I planned them for an additional element of the engine frame, which you can easily add extra. I didn’t design it as a plastic part to make the design of the compartment behind the engine too complicated. And so we already have a lot of details that require attention during assembly. Therefore, if you manage to assemble the rear of the engine with the frame and you have the ambition to “improve” the manufacturer, you can add two small rods with such dimensions.
It is enough to glue them into the sockets mentioned above and rest them on the frame with the oil tank.
Attention! If it seems to you that the assembly of the motor frame is too much for you, you can safely avoid glueing the frame elements (parts 8, 9, 10) to the model. The whole thing will work the same; all the other parts will have to be assembled anyway.
There is one more detail in the engine that you can easily add. These are the mixture inlet pipes at the rear of the engine. They (part 13) are made only to the mounting plate with the rear row for technological reasons. Therefore, the section connecting the inlets with the front star is missing. Don’t worry; it won’t be visible in the finished model anyway. However, if you like to pick at the engine, maybe it is worth adding seven sections of a 1mm rod, each 2.2mm long. The photo shows where they should be inserted (between the arrows)
The last note concerns the pipe going down from the radiator connection in part number 6. This element is visible after the entire engine module is placed in the fuselage. Therefore, it is worth drilling it; in the original, it was a pipe. In the photo, I have marked the tube with arrows before and after drilling.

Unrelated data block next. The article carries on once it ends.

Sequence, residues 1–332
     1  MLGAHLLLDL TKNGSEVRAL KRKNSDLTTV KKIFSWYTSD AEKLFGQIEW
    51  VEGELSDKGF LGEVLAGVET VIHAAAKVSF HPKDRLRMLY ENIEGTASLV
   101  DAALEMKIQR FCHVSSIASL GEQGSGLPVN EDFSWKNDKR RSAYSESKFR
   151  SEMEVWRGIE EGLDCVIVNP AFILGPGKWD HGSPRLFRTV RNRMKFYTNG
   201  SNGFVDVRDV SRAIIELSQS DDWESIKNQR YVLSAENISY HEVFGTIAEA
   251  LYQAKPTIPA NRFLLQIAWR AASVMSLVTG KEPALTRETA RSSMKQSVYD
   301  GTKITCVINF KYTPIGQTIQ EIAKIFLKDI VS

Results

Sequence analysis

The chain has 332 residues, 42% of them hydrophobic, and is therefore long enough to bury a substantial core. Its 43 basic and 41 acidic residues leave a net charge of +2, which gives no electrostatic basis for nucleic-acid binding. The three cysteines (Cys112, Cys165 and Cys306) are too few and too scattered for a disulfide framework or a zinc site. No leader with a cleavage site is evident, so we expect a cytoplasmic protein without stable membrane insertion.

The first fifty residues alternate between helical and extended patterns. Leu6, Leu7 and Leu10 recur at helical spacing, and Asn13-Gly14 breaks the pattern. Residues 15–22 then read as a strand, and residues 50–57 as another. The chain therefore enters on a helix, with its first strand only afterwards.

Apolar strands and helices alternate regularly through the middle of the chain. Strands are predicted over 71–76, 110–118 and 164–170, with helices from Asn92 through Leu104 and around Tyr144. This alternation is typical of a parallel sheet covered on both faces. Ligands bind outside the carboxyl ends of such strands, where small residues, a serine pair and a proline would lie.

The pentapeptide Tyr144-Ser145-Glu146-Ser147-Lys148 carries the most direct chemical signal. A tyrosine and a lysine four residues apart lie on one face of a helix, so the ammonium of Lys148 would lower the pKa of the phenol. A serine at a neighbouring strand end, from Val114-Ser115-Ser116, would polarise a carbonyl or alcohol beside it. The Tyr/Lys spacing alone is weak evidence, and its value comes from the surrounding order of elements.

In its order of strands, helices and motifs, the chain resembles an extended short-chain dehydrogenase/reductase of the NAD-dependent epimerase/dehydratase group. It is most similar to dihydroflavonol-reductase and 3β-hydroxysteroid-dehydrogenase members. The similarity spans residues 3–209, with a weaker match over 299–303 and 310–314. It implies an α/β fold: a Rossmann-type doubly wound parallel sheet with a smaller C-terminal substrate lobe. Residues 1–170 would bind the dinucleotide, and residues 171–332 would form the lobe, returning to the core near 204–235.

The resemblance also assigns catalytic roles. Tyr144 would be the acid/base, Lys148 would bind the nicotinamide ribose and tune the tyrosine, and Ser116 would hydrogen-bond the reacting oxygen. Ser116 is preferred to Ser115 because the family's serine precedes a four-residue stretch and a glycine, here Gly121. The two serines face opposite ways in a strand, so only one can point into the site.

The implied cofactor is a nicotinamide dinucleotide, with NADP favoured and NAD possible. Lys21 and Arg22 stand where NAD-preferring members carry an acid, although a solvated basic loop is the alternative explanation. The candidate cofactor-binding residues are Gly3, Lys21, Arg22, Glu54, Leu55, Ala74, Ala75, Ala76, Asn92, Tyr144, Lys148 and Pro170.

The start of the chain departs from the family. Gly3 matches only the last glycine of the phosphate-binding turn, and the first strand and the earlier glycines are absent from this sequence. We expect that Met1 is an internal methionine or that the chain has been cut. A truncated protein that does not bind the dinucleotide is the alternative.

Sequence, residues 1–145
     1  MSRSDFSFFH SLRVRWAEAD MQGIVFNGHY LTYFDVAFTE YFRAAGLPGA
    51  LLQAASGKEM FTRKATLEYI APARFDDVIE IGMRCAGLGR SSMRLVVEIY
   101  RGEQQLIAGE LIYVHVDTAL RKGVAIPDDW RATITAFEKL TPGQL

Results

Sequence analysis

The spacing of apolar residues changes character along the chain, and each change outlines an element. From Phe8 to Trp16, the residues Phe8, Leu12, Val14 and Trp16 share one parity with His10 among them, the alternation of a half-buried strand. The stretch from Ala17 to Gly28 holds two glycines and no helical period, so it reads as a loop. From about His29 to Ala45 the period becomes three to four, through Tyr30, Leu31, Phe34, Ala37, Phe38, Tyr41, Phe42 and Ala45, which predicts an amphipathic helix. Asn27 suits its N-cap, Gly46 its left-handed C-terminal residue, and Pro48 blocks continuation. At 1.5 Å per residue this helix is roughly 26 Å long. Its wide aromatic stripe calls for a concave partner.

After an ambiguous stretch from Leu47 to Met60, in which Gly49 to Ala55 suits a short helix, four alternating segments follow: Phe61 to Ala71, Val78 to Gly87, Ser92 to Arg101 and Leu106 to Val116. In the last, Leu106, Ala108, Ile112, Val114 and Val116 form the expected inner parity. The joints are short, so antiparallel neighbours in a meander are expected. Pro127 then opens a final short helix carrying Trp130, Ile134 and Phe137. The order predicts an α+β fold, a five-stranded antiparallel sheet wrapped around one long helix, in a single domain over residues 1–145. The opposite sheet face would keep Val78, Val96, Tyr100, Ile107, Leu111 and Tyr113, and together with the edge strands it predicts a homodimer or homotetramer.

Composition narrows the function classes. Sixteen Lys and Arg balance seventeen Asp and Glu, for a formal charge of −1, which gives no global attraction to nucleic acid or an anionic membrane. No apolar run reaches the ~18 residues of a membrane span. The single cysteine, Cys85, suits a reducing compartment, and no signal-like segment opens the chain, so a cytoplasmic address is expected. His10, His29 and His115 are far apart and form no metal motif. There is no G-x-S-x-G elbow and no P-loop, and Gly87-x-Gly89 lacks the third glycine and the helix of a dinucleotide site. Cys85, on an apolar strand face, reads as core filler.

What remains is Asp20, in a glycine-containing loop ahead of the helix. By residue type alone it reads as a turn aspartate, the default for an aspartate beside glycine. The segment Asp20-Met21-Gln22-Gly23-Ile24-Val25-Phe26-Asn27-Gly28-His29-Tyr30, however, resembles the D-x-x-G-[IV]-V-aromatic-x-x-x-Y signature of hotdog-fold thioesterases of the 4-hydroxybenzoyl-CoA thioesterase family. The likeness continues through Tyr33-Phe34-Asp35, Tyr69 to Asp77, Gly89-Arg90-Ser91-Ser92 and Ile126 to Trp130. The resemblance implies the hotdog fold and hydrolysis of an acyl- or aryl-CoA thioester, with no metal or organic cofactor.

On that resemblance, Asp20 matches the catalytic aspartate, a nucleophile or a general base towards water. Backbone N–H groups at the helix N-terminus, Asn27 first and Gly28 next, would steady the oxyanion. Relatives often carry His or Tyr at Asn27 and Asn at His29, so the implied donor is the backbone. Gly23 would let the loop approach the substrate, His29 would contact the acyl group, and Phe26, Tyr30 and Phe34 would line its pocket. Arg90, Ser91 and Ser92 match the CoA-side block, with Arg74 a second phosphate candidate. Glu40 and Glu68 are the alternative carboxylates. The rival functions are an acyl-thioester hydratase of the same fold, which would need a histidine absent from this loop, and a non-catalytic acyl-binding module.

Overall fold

Let’s move on to the chassis.
For you, modellers, I found an excellent way to clean parts before assembly. For the whole thing to be easy to handle by hand, it is worth cutting out of the sprue the two most difficult parts together with the surrounding frame.
Then clean them with the edge of a scalpel …
And cut it off. Note that the part’s edge is best seen from the bottom, and you should make cuts there. Thanks to this, we will not shorten the part unnecessarily.
Place both elements in the assembly template and fasten them with a strip of masking tape. Then squeeze the tips with tweezers and apply a small amount of glue.
There is another kit feature I wanted to show you, which was already included in the FM-2 model. I prepared the model so that I could add girder through both wings and the fuselage. The photo shows an opening in the fuselage, an incision in the upper half of the wing and a depression in the lower half of the wing. The possible spar does not collide with anything in the pilot’s cabin. And it goes through the complex fuselage. If you want to add such a spar, you need to add a steel or carbon rod with a diameter of 0.8 mm and a length of 56 mm. The spar can also be divided in half and glued to each wing separately, and a tube (eg made of albion alloys) should be glued into the fuselage into which the halves of the “girders” would fit together with the wings.
That’s it on this project. Have fun with the new Wildcat model.
- F4F-4 Wildcat Expert Set in Arma Hobby Internet shop
This post is also available in: polski